Conflicts & War

Indonesia says safety paramount after rebels take New Zealand pilot hostage

Jakarta, Feb 10 (EFE).- The Indonesian government Friday said it wanted to ensure the safety of the New Zealand pilot allegedly taken hostage by rebel fighters in the Papua region.

Foreign Office spokesperson Teuku Faizasyah told reporters it was communicating with the New Zealand government to rescue the Susi Air pilot kidnapped on Tuesday.

However, the spokesperson did not divulge details.

“What we want to emphasize is the importance of civilians being safe. That’s what we want to make sure of. And that’s why we will continue to work on excellent coordination with New Zealand,” Faizasyah said.

On Wednesday, the New Zealand government confirmed the kidnapping of pilot Philip Mark Mehrtens.

The Kiwi government said diplomats were working for his release.

The authorities limited sharing of the information to ensure hostage safety.

A Papuan separatist group told EFE Tuesday that it was behind the kidnapping.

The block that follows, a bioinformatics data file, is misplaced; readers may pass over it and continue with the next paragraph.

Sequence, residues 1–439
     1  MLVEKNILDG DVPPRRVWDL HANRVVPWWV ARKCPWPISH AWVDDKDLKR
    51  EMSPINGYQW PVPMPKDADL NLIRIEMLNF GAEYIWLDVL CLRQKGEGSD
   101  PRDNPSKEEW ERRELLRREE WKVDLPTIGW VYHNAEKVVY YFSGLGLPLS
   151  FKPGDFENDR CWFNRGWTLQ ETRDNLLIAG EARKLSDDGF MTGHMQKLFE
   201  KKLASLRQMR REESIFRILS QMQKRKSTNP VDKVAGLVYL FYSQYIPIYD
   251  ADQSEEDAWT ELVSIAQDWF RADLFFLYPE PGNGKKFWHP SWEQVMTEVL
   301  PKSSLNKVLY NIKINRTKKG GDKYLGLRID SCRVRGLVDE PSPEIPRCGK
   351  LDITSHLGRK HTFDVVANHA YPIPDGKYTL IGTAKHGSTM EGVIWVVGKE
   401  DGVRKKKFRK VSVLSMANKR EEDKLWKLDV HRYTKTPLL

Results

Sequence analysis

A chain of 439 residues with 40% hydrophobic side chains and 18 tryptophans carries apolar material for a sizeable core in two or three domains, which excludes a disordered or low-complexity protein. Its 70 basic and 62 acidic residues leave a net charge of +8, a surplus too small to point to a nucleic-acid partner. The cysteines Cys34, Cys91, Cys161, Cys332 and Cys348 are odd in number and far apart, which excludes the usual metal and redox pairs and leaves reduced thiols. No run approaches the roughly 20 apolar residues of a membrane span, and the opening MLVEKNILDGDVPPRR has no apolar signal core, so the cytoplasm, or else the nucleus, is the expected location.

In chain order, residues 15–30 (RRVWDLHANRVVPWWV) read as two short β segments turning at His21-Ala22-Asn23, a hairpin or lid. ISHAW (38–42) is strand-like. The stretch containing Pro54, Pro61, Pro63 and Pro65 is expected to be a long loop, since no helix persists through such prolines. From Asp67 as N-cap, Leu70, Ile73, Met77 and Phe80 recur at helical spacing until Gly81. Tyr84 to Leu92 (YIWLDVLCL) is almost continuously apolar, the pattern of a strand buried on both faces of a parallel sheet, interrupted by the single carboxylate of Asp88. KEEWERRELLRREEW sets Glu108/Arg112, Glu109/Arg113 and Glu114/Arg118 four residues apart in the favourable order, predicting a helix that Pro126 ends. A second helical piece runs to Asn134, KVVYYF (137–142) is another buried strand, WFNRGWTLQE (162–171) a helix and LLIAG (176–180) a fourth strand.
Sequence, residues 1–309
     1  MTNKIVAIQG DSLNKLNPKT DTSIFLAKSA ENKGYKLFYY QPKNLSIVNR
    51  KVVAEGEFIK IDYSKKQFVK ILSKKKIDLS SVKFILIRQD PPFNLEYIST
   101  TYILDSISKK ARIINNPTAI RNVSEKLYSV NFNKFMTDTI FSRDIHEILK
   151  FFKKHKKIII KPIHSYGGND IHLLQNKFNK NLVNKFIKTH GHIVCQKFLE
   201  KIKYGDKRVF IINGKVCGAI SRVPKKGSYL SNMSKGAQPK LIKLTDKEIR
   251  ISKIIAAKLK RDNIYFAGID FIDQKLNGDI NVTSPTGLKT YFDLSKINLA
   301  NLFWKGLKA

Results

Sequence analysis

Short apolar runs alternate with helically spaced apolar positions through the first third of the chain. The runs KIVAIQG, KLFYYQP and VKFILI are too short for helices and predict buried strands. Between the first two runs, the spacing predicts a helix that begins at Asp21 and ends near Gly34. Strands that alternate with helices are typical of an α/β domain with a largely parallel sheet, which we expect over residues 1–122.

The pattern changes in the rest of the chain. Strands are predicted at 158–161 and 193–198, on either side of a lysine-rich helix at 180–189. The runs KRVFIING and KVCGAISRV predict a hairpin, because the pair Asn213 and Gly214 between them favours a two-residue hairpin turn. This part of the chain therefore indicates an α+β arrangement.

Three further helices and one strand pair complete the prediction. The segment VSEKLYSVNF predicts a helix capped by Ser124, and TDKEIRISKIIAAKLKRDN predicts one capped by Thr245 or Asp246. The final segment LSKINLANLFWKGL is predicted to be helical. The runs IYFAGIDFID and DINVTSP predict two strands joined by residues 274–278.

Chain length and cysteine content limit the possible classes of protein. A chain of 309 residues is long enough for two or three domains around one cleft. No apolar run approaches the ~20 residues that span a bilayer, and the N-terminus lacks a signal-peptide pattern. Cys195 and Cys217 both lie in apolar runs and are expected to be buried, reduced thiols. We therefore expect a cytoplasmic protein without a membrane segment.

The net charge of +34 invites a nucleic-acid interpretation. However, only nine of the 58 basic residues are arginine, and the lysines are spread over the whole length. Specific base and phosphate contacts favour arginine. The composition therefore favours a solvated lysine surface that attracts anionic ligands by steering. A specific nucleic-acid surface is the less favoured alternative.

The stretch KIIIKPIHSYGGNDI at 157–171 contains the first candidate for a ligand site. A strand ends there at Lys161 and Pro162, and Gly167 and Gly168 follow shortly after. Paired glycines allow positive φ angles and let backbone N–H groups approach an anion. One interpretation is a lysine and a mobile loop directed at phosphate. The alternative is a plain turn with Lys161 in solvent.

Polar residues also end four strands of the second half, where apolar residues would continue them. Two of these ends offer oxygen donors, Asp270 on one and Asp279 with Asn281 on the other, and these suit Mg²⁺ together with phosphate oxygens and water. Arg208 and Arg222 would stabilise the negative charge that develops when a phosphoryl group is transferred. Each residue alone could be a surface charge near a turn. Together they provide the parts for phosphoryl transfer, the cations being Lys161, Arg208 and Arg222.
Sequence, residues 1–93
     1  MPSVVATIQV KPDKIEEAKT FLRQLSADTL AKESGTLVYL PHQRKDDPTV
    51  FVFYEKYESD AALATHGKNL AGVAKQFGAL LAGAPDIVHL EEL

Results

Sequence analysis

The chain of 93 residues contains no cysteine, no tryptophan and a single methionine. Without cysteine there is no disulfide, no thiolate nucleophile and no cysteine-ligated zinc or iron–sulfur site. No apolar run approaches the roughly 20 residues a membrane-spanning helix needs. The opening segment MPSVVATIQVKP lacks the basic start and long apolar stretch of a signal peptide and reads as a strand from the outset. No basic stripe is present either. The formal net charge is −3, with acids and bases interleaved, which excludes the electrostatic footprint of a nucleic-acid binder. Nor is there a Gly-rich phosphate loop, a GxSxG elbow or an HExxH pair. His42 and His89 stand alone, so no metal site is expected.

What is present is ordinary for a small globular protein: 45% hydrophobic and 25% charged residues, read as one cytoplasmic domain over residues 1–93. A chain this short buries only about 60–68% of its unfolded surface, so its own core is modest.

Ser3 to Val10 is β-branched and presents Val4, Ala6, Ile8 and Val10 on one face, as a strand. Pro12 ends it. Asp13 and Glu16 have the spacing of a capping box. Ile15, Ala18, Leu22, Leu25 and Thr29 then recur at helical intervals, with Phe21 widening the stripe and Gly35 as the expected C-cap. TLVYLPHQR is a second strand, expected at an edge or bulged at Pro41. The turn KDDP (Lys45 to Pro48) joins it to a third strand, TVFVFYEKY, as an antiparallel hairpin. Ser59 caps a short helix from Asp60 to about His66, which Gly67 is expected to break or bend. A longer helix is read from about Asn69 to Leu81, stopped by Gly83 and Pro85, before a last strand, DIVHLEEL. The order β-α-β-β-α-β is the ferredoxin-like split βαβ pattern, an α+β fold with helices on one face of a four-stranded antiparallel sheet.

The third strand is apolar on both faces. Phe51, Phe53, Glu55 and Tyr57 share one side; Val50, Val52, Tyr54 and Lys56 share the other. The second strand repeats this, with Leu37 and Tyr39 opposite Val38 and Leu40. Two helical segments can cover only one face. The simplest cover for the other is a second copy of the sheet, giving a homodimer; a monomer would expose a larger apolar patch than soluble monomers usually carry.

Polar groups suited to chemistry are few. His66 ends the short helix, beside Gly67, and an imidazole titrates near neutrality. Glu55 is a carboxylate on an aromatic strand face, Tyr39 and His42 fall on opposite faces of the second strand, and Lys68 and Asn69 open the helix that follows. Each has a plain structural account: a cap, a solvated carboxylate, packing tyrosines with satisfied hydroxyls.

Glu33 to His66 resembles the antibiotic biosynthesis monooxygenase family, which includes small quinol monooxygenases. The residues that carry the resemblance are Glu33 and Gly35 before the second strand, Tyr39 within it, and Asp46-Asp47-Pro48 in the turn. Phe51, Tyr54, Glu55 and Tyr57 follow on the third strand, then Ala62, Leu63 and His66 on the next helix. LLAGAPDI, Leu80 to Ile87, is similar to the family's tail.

The abduction occurred after the pilot landed his Susi Air flight at a remote airport in the Nduga district in Papua.

The province is in the Indonesian part of New Guinea island, while the eastern part belongs to Papua New Guinea.

A statement from the Free Papua Movement, the diplomatic arm of the TPNPB, said Thursday the kidnapping was to “draw international attention to the suffering and war in West Papua.”

The group said the five local passengers on the plane were released.

The statement included several demands for the release of the pilot.

Among them, it calls on New Zealand and other governments to stop providing weapons and military training to Indonesia.

The group urged New Zealand to take the conflict to the UN Security Council and the International Criminal Court for a probe into the alleged Indonesian abuses in West Papua.

The separatists, considered criminals by Indonesia, indicated that it was the first kidnapping after the Mapenduma incident in 1996, when they abducted 26 World Wide Fund for Nature (WWF) members, including four British and two Dutch, in the same area.

Guerrillas freed some hostages then, and others escaped after an armed confrontation with Indonesian soldiers that ended with the death of eight rebels, two hostages, and five soldiers in a helicopter crash.

Rich in natural resources and divided into six provinces, the “Indonesian Papua” – called “West Papua” by rebels – has seen a pro-freedom low-intensity armed conflict since the region came under the control of Jakarta in 1969. EFE


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